Anchors away

From the minutes of the most recent meeting of the Federal Open Market Committee:

Total PCE inflation was projected to moderate from its current elevated level to between 1-1/2 percent and 2 percent in 2010, although participants stressed that this expected moderation was dependent on food and energy prices flattening out and critically on inflation expectations remaining reasonably well anchored.

Elsewhere in the news, the latest Michigan/Reuters survey reports that the median U.S. consumer is expecting prices to rise by 5.2% over the next year. That’s the highest reported 12-month expected inflation rate since 1982.



Median expected price change next 12 months, from the University of Michigan Survey of Consumers. Data source: FRED and
MarcketWatch
mich_inf_jun_08.gif



And here’s what U.S. retail gasoline prices have done in the 30 days since the FOMC meeting quoted above:



U.S. average retail gasoline price. Source:
NewJerseyGasPrices.com
gas_price_jun_08.gif






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18 thoughts on “Anchors away

  1. spencer

    I suggest you have a chart comparing expected inflation and actual inflation. You will find that overwhelmingly expected inflation is some form of dampened function of trailing inflation.
    The last observation in your chart is about the only time that expected inflation exceeded trailing inflation. Given that crude oil prices are still rising and that the seasonal adjustment dampened the last observation of trailing inflation the expectation that inflation will be higher seems fairly realistic but does not really
    add any new info.

  2. Matt

    “..expected inflation exceeded trailing inflation…”
    Only in these economic times can we expect to expect inflation!

  3. esb

    The BLS methodologies have been tweaked, subverted and perverted so many times that it is impossible to really determine what the BLS work product output actually measures,
    but one thing is for certain and that is that the cost of survival is rising far more rapidly than incomes.
    Something wicked this way commeth.

  4. KevinM

    Who knows whether the FRB actually wants to limit inflation enough to take the necessary steps, but does anybody doubt that they have the power to do it?

  5. Rich Berger

    Jim-
    Why would I rely on consumers to predict inflation? I think the average consumer is easily swayed by anecdotal evidence, rather than looking at the whole array of prices. Furthermore, it looks like there were comparable spikes in the late 80′s and about 1-2 years ago.

  6. Silas Barta (formerly Person)

    And here’s what U.S. retail gasoline prices have done in the 30 days since the FOMC meeting quoted above:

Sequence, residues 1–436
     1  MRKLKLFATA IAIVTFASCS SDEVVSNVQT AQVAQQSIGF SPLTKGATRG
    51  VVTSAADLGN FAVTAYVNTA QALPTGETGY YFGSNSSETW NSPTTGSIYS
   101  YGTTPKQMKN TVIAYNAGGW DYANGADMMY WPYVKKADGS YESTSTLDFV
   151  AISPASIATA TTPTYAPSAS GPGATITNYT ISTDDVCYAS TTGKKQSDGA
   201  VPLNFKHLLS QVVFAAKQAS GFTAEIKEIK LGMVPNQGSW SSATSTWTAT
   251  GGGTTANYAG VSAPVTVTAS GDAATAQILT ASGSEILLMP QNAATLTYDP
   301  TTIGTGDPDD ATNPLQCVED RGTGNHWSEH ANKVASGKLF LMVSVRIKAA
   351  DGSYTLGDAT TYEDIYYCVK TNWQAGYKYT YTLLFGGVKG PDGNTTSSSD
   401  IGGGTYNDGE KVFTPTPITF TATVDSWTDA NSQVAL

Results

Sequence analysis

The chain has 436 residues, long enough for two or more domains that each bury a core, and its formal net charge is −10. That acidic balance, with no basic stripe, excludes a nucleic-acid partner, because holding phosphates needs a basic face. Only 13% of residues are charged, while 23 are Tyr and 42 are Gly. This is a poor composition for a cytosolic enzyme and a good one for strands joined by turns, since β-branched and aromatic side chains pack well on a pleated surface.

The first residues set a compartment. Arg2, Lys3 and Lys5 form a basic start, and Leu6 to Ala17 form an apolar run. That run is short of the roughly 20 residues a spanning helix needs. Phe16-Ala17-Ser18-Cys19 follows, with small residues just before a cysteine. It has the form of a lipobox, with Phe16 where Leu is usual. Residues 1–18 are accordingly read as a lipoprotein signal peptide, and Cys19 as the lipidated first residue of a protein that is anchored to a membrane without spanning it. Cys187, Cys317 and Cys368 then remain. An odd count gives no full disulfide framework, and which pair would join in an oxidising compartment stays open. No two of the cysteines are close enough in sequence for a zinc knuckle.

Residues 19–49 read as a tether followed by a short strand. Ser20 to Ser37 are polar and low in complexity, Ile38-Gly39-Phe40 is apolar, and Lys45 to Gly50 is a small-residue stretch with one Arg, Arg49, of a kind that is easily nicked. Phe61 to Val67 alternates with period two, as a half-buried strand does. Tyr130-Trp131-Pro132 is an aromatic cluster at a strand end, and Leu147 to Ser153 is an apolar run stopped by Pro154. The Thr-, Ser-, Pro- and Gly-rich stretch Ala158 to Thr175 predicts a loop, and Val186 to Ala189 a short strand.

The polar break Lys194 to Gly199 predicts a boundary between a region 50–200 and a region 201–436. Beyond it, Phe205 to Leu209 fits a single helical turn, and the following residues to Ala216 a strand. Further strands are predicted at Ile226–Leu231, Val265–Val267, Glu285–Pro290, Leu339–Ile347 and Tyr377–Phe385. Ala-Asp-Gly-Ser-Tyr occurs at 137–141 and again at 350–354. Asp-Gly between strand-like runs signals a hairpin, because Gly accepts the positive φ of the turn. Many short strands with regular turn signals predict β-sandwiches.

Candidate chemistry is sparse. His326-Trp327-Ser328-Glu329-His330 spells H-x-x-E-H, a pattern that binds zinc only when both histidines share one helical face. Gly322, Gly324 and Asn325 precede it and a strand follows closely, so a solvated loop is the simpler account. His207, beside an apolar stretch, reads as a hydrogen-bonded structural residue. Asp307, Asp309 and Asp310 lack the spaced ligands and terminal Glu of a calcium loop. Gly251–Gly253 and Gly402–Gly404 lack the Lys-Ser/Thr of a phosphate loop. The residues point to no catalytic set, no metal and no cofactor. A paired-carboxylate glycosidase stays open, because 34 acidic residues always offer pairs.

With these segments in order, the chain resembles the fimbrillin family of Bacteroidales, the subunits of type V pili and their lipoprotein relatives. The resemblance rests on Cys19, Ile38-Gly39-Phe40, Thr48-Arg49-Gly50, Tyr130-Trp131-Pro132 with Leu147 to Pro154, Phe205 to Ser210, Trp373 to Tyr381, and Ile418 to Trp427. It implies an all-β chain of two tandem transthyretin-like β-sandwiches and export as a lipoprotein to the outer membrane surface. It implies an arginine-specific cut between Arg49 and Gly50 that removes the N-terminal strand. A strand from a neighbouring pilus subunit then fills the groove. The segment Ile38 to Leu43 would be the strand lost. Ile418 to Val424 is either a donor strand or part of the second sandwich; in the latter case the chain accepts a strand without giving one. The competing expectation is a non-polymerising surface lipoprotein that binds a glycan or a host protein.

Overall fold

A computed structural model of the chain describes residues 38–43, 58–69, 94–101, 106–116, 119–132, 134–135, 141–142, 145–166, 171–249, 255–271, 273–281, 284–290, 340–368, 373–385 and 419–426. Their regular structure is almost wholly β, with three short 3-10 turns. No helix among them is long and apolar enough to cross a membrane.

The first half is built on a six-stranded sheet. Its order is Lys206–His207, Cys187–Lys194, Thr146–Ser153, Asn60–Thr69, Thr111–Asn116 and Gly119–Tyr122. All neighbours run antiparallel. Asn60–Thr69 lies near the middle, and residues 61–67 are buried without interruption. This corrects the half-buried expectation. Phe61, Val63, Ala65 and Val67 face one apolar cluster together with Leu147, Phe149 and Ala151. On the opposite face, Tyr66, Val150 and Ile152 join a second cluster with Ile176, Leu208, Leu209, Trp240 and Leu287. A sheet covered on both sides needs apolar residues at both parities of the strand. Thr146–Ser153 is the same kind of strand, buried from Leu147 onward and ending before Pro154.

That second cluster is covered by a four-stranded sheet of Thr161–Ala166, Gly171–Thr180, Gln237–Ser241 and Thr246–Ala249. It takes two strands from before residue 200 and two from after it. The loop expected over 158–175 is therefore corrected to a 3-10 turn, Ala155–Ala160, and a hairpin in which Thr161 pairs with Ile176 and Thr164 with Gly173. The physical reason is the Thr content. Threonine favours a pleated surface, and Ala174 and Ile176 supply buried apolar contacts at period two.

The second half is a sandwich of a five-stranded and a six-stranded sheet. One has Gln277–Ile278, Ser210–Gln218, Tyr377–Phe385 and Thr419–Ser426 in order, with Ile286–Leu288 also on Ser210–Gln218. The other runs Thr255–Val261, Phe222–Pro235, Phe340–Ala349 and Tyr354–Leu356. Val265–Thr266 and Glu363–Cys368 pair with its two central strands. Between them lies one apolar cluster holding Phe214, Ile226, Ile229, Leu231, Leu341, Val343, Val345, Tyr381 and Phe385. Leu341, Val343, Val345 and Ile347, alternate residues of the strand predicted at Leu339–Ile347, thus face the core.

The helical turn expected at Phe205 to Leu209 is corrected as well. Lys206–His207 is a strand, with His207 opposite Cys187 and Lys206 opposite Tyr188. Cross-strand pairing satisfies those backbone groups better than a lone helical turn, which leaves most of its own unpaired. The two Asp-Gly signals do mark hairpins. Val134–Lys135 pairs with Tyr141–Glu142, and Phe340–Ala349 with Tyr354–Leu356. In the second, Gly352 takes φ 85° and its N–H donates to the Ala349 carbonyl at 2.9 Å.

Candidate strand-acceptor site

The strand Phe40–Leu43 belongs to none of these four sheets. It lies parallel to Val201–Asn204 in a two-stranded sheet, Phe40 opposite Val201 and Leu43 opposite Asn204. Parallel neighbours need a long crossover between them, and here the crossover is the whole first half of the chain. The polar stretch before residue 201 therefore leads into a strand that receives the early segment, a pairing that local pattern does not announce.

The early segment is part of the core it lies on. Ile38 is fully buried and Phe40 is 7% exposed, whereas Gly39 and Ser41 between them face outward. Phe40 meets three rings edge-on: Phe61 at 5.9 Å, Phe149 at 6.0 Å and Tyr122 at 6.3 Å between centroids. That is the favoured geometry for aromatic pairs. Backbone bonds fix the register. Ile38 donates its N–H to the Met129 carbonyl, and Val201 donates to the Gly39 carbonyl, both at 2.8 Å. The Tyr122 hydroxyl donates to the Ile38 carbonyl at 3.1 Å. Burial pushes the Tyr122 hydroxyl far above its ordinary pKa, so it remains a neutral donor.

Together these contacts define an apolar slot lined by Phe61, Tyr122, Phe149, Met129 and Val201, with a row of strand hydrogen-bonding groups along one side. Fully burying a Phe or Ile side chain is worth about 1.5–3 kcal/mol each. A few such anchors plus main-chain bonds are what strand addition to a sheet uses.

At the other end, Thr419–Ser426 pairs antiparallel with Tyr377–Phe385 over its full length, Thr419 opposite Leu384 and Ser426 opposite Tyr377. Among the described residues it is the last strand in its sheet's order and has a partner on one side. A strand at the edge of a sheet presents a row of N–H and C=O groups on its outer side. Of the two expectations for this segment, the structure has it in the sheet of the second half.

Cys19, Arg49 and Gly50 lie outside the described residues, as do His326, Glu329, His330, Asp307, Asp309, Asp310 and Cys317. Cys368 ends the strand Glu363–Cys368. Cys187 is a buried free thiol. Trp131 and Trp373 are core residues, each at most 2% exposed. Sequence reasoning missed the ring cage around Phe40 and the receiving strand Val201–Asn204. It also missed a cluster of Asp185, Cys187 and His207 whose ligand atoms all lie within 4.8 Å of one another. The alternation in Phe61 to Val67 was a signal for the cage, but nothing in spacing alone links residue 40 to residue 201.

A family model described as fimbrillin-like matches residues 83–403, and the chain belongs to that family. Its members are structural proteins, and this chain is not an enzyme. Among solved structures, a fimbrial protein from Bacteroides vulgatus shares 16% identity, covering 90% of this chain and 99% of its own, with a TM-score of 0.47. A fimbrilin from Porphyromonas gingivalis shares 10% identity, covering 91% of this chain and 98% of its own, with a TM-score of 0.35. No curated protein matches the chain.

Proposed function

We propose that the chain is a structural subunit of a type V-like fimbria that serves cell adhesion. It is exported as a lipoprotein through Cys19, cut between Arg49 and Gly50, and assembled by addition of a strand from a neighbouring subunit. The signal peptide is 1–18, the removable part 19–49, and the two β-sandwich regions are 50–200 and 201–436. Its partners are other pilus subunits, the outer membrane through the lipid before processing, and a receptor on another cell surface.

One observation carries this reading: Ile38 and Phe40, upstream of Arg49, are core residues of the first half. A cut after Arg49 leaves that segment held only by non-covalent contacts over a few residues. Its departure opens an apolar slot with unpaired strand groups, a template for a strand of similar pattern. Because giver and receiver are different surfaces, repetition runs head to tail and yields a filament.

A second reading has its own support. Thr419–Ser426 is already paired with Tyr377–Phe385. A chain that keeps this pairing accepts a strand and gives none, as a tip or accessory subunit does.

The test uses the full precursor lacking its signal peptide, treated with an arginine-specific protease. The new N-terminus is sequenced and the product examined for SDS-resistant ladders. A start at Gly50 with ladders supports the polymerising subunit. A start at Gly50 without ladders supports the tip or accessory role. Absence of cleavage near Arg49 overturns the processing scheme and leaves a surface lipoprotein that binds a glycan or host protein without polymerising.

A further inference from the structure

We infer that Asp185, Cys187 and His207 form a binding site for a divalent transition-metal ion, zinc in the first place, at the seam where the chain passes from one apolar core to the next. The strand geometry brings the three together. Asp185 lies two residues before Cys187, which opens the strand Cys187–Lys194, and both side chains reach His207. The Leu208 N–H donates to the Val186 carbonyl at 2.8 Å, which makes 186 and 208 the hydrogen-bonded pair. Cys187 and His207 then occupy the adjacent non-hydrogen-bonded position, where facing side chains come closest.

…Caused you to place the x-axis high enough to make the price changes seem artificially large?

  7. Charles

    James, in response to a silly comment made in response to this post re-printed at Seeking Alpha, I want to say that I appreciate your work and am grateful to get the insights of you and Menzie at such an agreeable price. Posting at Seeking Alpha is all too often an exercise in pearls/swine, alas.

  8. JDH

    Thanks, Charles. It seems what they were criticizing was the lame title, which was something the editors at Seeking Alpha invented on their own.

  9. JDH

    Silas Barta, as you could verify from clicking on the link provided, I made no decision about placement of the x-axis, but simply copied and pasted exactly as presented from the original source, which in turn creates these figures with fully automated algorithms. Notwithstanding, a 10% increase in the space of one month hardly seems inconsequential by any standard.

  10. jg

    “…(no) formal estimate…” Aw, Professor, shooting from the hip/lip is fine; lots of folks around here do that (ha, ha).

  11. randy

    While it is common in the blogosphere to heap scorn upon the CPI, it is far less common to actually check the facts and read up on it. Few real economists, particularly those who have studied the issues, have any substantive criticisms; almost all criticisms come from the ignorant and the undereducated, or those with financial products to hawk. The CPI is complex because the world is complex; new goods, substitution between products, aging of dwellings, and so on. It changes because the world changes, or because our understanding of price index methods improves – just like the measurement instruments in physics are far better than those of twenty years ago.
    There is a real danger to undermining trust in official statistics. Once that is done, all bets are off and we are left with fact-free analysis.

  12. KevinM

    I like your words randy.
    If CPI is an accurate measure, and it currently shows inflation a bit higher than the target but not unusually high, then what is the source of the inflation expectations in the professor’s chart?
    1) Media meddling?
    2) Election year political meddling?
    I don’t like those reasons because they are too easy to throw around, and use neither logic nor economic principles.
    I think people see the cost of gas going up everyday (frequent transactions) as negative, while they also see the price of housing going down everyday(rare transactions) as negative. Food is going up (frequent transactions), a negative, and sweatsocks from China (infrequent transactions)are holding steady. Anything involving China has to be negative.
    I would like to see CPI items plotted by frequency and size of transaction plus price movement along with the professor’s expectation chart.
    I wonder if people tend to set expectations by overweighing frequently purchased items or larger items?

  13. anon

    Expectations lag. Most people don’t admit things are bad until they’re _really_ bad.
    eightnine2718281828mu5 : You beat me to it.

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